During SEAL training the students are broken down into boat crews. Each crew is seven students—three on each side of a small rubber boat and one coxswain to help guide the dingy.
Every day your boat crew forms up on the beach and is instructed to get through the surf zone and paddle several miles down the coast.
In the winter, the surf off San Diego can get to be 8 to 10 feet high and it is exceedingly difficult to paddle through the plunging surf unless everyone digs in.
Every paddle must be synchronized to the stroke count of the coxswain. Everyone must exert equal effort or the boat will turn against the wave and be unceremoniously tossed back on the beach.
For the boat to make it to its destination, everyone must paddle.
You can’t change the world alone—you will need some help— and to truly get from your starting point to your destination takes friends, colleagues, the good will of strangers and a strong coxswain to guide them.
A few weeks ago we looked at Lesson #1, If You Want to Change the World Start Off By Making Your Bed. We talked about how focusing on a few small things can help accomplish big tasks. In his second lesson, McRaven tells us about the importance of the team.
One Guide, Many Oars
In McRaven’s speech he explains that there are three rowers on each side and the coxswain helping guide. Equate this to your work life. You’re surrounded by people who have different talents. You need some who can row left and some who can row right. You want to balance out the people who have the ability to do more work with those who move slower but produce quality.
Let’s say that McRaven did what we all usually do, he picked the strongest rowers. If McRaven’s boat only had men who could row left his boat would go in circles. Inexplicably, the strongest men in the SEAL class when paired incorrectly would move….nowhere. So pick your team not just for strength, but for ability.
There were seven on the boat. That seventh person was the coxswain. No matter how talented the team, they all needed to coxswain to keep them going in the right direction. The team was focused on rowing.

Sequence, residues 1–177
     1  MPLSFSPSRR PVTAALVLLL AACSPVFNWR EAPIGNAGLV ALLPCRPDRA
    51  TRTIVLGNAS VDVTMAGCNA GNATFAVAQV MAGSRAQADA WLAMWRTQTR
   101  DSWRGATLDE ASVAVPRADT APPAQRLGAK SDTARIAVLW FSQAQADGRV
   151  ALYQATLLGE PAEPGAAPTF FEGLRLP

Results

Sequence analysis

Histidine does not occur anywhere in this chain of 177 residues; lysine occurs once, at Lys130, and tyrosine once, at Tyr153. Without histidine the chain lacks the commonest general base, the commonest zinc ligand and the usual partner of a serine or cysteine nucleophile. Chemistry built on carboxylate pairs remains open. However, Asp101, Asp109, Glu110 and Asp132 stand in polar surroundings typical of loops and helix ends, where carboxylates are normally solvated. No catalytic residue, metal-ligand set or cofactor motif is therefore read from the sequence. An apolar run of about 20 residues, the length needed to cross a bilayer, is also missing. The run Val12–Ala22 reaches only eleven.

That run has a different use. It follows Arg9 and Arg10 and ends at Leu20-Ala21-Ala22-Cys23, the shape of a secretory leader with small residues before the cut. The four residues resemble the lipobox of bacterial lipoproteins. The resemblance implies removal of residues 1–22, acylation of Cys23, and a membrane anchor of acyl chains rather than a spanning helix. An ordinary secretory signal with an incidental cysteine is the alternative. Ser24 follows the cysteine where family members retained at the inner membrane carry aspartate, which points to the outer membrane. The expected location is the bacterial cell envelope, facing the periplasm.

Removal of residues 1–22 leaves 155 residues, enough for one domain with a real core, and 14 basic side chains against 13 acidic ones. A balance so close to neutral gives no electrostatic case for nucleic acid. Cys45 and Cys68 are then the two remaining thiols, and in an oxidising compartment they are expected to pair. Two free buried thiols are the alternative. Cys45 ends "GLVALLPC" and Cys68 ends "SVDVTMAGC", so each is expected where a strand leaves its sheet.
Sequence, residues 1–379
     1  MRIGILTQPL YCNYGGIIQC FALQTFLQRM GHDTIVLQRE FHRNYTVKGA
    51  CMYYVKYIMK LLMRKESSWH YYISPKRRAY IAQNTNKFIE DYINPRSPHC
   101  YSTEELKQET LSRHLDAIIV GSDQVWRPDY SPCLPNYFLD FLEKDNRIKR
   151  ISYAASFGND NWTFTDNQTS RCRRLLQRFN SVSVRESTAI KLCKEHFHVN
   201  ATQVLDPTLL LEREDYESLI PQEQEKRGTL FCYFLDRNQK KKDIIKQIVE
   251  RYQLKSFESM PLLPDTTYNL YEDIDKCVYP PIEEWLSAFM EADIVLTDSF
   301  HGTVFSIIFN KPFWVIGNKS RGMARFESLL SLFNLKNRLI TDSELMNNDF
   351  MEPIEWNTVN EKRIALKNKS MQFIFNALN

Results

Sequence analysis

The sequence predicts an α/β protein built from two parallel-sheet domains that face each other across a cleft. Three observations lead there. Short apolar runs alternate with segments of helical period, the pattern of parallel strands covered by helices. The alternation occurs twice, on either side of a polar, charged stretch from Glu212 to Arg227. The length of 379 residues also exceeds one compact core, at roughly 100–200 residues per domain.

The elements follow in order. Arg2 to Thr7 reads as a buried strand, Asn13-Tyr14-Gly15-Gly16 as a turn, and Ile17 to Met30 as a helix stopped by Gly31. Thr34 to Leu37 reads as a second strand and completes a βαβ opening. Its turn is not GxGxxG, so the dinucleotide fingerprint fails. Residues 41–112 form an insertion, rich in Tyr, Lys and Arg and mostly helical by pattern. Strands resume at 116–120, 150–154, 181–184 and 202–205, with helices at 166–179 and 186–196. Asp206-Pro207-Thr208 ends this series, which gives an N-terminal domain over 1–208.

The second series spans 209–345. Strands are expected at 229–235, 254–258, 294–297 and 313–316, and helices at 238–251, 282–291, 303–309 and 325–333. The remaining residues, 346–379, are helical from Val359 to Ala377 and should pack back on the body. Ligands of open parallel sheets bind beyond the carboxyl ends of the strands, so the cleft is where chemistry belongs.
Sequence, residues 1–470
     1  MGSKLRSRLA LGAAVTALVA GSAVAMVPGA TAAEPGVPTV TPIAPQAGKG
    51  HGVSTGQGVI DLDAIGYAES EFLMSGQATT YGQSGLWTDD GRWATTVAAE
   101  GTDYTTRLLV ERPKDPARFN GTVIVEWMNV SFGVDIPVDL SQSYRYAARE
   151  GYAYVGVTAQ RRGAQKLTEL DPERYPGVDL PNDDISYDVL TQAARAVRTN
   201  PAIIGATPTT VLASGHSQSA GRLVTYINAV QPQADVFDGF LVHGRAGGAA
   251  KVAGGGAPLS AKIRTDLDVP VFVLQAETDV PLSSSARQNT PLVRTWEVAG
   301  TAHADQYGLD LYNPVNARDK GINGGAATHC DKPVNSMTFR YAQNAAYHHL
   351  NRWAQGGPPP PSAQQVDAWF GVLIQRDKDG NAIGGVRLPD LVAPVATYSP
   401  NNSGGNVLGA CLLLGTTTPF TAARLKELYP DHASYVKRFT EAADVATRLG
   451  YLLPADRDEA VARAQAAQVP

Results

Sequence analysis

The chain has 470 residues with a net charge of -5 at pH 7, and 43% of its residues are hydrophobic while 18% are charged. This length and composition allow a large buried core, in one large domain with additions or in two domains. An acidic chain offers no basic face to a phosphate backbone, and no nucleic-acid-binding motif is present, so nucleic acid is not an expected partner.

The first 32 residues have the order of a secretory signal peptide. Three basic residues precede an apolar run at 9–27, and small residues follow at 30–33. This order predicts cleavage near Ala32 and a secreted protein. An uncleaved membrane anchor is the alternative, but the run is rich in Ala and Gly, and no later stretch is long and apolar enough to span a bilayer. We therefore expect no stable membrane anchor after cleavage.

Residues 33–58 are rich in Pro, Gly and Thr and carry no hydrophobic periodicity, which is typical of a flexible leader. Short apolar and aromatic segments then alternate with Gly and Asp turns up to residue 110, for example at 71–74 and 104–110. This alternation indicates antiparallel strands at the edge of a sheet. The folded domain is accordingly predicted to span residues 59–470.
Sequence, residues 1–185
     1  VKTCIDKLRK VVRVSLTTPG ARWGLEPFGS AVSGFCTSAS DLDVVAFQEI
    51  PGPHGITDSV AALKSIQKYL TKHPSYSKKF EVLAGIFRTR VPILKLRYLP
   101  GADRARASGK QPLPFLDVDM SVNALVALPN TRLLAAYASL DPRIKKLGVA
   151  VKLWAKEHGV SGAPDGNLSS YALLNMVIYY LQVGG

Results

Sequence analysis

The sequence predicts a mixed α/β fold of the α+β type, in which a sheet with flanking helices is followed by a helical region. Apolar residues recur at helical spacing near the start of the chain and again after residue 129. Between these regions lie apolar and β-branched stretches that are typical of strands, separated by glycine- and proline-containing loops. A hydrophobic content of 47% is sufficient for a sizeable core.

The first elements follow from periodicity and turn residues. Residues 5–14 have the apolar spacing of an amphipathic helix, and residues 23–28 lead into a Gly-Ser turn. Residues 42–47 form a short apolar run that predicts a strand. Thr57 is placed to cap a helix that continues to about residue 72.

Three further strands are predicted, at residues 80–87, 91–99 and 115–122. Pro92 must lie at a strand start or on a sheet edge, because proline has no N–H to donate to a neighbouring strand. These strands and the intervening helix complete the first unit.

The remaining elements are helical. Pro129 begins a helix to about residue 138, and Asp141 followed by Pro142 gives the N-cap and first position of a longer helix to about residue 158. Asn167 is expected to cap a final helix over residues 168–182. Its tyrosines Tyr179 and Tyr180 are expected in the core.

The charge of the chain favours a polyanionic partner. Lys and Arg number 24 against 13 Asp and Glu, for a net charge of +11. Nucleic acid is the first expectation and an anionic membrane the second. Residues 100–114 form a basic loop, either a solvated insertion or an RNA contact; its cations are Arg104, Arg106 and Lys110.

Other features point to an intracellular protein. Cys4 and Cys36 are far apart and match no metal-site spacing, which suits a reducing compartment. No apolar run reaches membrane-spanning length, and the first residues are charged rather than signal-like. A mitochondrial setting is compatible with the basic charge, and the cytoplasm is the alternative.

They weren’t focused on how big the waves were, and they weren’t focused on what each of the other rowers was doing. The coxswain provided the cadence, the direction, and told them when they had reached the goal. So if you’re going to put together a star team, make sure you pick a winning coxswain. At Golden Source Consultants, we call them Project Managers.
Paddling Difficult Water
The SEALs are asked to paddle in some pretty difficult water. McRaven tells us the swells are 6 to 10 feet high. Seven men, one small dingy, six oars, and an ocean full of high waves.
Our projects are often like that. We assemble our team, we board our raft, and set out on our journey to reach the other shore. And the entire journey we are beaten and battered by the waves of the project ocean. We can easily lose our way, or land in the wrong spot.
McRaven gives us some advice on how to stay on track. The team must be “synchronized to the stroke count of the coxswain”. If you’re a Project Manager, that means you first need to establish your project cadence.
- What major milestones will the team need to complete to stay on track?
- What is the final destination and what course are you setting to accomplish that?
- When are status reports due, how do you collect risks, issues, and action items?
- What meetings will be held and how frequently?
- How will status be tracked?
Once your team is in a cadence, they are able to perform each task in unison, moving forward towards the same goal. People who get out of sync are course corrected quickly by the Project Manager, and everyone moves forward. Establish your flow as soon as the Project Charter is signed, and you’ll find your team navigating difficult waters with ease.
Getting Some Help
“You can’t change the world alone…” McRaven says. This next recommendation is not just for Project Managers, but for everyone. Know when to get help.
Often times top performers will do the work all by themselves. Owning a task is wonderful, and being efficient is a must. But how often do we keep a task to ourselves and prevent others from learning, growing, and more importantly helping us reach the goal.
Experts can feel like the strong man on the boat, rowing hard to push the team along. The best teams have rowers who help the team so everyone grows strong and no one person bares the load. Think about your expertise, and think how much stronger someone else on your team would be if you were able to share that with them.
Don’t go it alone. Row with your team.